mathcalL is related to the following:limits_b=1b

The structural model used for downstream evaluation was trained using the Adam optimizer with a learning rate of 2 × 10−3 and a batch size of 16 for a total of 801 epochs. The learning rate was reduced to 2 104 after a number of epochs. The joint loss function is the same one used in the pretraining and it is based on E + 1.0, F + 0.05 and E + 0.1. The network hyperparameters are the same as those used in the NequIP model. To enable a comparison with ref. 62, we also subtract a linear compositional fit based on the training energies from the reference energies before training. Training was performed on a set of four V100 GPUs.

Source: Scaling deep learning for materials discovery

Classification of superionic materials based on the temperature of the electrical content of the material and the AIMD value greater than 100 mScm

We classify a material if it is found to have superionic behavior if the temperature of its electrical content is greater than 1000 K and the AIMD value is greater than 100 mScm. For calculations, refer to the original paper. For more information, see the supplementary information.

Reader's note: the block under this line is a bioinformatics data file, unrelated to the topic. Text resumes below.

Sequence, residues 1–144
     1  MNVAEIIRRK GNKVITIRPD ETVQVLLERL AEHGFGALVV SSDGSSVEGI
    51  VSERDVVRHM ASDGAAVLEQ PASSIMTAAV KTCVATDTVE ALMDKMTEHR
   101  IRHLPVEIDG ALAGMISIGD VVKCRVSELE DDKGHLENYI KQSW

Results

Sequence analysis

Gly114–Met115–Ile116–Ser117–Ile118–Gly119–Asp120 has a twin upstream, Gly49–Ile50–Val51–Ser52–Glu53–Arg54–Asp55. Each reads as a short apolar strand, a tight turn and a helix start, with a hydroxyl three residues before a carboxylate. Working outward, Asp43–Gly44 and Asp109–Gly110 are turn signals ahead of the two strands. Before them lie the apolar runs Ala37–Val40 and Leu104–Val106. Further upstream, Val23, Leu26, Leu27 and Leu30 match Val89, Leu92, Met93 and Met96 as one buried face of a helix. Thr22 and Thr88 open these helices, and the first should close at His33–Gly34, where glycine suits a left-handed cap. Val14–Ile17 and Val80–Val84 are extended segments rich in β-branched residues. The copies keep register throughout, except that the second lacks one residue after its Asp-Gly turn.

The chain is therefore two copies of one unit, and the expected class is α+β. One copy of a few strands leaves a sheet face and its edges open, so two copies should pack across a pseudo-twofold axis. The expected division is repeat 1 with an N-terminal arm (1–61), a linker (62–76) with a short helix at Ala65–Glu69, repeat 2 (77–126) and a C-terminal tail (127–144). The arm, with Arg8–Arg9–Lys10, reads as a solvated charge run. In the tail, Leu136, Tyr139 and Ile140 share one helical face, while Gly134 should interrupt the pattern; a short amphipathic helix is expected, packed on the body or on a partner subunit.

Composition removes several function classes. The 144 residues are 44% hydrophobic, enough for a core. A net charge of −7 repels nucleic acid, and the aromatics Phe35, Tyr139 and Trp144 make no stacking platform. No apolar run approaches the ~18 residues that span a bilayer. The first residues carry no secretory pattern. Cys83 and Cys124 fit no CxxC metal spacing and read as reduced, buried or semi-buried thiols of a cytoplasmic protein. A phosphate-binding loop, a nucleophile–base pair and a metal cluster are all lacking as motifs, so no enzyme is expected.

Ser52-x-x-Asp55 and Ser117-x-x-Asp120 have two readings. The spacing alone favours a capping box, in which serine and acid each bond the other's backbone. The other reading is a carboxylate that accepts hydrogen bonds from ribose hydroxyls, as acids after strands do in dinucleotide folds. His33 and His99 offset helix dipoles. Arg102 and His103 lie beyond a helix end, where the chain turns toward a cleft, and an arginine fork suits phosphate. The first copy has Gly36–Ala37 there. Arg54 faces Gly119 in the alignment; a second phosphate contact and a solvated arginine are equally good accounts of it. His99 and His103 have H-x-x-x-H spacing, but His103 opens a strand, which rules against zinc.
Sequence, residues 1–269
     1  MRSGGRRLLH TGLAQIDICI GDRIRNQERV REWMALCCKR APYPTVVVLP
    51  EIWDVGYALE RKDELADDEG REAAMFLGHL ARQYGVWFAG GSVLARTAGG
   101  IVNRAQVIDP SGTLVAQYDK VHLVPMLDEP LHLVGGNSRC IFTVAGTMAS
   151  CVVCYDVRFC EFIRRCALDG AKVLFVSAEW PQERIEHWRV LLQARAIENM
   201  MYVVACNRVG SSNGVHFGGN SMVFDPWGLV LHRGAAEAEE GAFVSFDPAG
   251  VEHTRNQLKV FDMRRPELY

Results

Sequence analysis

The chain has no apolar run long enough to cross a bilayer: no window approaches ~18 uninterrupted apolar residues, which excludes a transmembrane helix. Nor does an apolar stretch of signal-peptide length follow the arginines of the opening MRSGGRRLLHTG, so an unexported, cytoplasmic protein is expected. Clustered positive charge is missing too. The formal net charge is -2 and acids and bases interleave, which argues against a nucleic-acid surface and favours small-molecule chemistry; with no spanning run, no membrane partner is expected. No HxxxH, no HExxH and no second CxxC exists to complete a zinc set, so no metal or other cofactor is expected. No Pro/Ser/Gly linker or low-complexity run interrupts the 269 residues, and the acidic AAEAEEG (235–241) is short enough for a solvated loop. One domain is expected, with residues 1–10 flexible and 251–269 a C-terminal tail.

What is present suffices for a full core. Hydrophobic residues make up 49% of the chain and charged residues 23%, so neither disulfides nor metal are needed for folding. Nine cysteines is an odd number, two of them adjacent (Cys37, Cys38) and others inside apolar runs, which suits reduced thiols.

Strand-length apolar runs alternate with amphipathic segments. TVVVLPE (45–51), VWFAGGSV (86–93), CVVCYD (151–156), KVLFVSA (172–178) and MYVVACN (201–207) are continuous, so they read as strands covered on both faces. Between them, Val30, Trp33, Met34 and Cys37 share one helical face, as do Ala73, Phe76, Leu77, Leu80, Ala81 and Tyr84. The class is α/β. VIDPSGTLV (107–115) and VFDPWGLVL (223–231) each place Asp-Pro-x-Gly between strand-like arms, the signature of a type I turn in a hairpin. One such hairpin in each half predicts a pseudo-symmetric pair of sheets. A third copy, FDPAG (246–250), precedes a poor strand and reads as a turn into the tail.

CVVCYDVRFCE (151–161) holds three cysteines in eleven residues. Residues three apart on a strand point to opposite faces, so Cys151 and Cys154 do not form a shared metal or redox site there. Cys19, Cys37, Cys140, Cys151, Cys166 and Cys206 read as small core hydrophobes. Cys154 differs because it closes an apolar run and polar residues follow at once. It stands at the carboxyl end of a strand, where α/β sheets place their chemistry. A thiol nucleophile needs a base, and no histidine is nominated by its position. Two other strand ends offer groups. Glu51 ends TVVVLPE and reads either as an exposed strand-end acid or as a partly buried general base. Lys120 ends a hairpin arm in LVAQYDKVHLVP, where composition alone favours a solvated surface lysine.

The materials for AIMD simulation are chosen because of their stability and the fact that one of the conducting species is under consideration. The last criterion was not selected to include materials with notable electronic conductivity. Materials are run in their very best shape without vacancies or stuffing. The AIMD simulations were performed using the VASP. The temperature is set at 300 K using a time span of 5 ps and velocity rescaling. A 45ps simulation equilibration using a Nosé–hoover thermostat is followed by this. Simulations are done at a time step.

The first 10 ps of the machine learning simulations are discarded for equilibration in the AIMD analysis. We use the DiffusionAnalyzer class of pymatgen to compute the diffusivity from the final 40 ps.